What do you mean reseat the internal devices, memory, and hard drive? How do you do that?
Basically there connections between the hard drive and memory may not be that good. A lot of times removing and then returning the drive and memory will correct the problem with the connection. You can find steps in reseating the hard drive and memory from the users manual located in the following link.
<ADMIN NOTE: Broken link has been removed from this post by Dell>
May I ask, is this Vista?
If yes, did you update the operating system to Vista SP2? Vista caused BSOD's until it was upgraded to SP1.
What is a Dell Service Tag and how do I locate it?
Original poster, If you have solved your problem, can you please mark the correct thread(s) with your solution. Thanks
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Microsoft MVP - Windows Expert-Consumer April 1, 2012 to March 31, 2015
Have you tried looking at the event logs in the computer management console to see if it gives you any more details? I might venture a guess that you actually have a bad/conflicting video driver (hence the screen goes black) and when it fails you don't see the error. Have you tried booting into safe mode and seeing if it crashes there? If it crashes there that would take out the drivers. As the previous people said if you run the diagnostics on the base level (pressing the fn key while the system is off and then while holding that down turning the system off) and have them lockup there you are talking hardware (mis seated or failed)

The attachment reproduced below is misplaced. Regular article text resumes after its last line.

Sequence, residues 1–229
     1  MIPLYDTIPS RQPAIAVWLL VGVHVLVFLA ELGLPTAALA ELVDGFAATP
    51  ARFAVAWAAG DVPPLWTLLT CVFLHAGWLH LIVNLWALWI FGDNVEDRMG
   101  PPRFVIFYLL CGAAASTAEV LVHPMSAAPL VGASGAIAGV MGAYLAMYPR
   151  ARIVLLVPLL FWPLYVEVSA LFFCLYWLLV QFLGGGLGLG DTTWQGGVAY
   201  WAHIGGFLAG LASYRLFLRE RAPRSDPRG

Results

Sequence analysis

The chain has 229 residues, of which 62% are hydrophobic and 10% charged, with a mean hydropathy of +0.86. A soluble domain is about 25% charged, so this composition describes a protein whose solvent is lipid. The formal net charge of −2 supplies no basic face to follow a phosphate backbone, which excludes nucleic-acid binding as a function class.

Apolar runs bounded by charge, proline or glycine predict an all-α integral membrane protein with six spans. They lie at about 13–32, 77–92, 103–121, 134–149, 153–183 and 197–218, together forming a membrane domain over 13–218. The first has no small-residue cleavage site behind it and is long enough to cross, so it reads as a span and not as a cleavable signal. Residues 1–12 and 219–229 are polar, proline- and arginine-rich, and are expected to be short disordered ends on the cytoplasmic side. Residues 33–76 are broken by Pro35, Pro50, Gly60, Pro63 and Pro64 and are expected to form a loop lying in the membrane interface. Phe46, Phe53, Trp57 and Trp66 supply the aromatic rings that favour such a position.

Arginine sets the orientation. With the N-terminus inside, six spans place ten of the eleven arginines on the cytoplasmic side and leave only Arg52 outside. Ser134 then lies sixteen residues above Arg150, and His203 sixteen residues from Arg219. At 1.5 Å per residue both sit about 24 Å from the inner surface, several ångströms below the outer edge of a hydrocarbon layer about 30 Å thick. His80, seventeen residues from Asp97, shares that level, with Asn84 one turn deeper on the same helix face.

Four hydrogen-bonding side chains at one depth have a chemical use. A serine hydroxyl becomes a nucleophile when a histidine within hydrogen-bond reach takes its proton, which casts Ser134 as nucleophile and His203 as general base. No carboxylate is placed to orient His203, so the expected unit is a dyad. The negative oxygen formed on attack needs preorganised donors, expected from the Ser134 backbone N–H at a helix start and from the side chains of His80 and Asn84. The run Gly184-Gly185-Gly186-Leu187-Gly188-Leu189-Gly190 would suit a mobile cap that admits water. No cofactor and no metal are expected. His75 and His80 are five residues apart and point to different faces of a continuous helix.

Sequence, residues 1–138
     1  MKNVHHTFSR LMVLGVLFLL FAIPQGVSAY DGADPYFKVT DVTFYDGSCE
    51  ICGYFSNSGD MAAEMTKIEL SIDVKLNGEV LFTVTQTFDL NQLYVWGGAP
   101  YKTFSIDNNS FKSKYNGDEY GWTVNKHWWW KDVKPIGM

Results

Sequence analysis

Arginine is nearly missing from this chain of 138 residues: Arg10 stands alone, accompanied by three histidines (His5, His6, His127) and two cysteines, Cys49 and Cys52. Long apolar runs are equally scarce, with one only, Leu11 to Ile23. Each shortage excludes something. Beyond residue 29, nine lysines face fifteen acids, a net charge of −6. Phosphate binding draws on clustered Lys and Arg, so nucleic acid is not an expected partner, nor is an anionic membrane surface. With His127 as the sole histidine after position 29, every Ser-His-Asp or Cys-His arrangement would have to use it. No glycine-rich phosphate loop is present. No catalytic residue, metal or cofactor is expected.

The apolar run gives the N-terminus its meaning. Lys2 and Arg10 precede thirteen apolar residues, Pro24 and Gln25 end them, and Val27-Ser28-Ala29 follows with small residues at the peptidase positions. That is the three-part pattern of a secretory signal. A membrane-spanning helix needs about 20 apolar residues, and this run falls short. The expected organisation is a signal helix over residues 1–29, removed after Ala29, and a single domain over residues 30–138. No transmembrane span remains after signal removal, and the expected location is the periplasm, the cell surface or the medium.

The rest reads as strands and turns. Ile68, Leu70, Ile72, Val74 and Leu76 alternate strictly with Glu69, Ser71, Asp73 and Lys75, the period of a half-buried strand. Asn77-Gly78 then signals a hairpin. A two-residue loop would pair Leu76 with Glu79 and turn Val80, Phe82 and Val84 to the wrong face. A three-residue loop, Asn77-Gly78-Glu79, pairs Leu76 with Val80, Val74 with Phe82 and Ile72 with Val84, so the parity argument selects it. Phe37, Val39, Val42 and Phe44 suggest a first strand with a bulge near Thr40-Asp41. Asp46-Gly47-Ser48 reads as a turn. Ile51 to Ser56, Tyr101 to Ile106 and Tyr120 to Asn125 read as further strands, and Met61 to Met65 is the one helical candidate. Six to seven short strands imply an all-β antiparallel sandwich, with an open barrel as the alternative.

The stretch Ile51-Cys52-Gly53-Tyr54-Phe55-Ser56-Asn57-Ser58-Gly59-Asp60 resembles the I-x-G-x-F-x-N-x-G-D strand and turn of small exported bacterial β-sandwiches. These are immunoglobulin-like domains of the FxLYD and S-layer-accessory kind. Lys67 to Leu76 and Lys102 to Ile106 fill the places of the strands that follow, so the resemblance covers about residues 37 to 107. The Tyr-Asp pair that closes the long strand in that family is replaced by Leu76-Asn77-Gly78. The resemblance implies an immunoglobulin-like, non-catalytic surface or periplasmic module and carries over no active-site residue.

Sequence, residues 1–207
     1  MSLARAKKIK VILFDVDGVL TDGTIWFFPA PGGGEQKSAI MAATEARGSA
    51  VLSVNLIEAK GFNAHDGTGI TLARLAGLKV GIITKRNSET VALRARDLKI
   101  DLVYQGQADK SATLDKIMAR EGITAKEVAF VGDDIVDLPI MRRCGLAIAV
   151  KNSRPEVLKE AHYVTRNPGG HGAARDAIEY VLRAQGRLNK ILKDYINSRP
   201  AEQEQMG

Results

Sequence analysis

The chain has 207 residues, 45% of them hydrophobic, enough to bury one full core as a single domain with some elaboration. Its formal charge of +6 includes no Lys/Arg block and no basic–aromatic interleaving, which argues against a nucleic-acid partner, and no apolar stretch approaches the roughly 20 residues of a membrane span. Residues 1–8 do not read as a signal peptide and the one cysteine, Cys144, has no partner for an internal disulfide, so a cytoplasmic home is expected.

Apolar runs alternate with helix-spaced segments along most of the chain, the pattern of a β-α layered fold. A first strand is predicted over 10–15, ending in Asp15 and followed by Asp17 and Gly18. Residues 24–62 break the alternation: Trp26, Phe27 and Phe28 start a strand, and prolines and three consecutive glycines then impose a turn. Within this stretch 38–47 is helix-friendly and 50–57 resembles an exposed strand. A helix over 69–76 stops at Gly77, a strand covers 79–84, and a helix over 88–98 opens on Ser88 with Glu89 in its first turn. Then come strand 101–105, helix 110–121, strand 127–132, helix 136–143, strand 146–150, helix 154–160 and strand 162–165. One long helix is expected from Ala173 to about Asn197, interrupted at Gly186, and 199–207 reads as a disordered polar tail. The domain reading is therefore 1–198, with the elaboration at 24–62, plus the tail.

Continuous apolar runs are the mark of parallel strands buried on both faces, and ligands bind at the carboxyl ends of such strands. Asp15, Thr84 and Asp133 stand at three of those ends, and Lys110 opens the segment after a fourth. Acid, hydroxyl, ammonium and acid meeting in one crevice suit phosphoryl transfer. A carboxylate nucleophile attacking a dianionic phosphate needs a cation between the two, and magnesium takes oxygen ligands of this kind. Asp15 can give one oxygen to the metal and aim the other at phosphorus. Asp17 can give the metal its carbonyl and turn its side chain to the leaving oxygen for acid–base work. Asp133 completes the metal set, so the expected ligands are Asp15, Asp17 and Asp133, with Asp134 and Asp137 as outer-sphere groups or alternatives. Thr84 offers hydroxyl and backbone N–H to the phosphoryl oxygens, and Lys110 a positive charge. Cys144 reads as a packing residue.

-- Terry W.
“Those who dream by day are cognizant of many things that escape those who dream only at night.” - Edgar Allan Poe
Ok. Nothing works. I took out and then reseated the hard drive and memory card. I upgraded Vista to SP2. I've run the diagnostic at least 10 times and every time the computer has crashed before it could complete. In the event viewer following the crashes I get the following message:
Event filter with query "SELECT * FROM __InstanceModificationEvent WITHIN 60 WHERE TargetInstance ISA "Win32_Processor" AND TargetInstance.LoadPercentage > 99" could not be reactivated in namespace "//./root/CIMV2" because of error 0x80041003. Events cannot be delivered through this filter until the problem is corrected.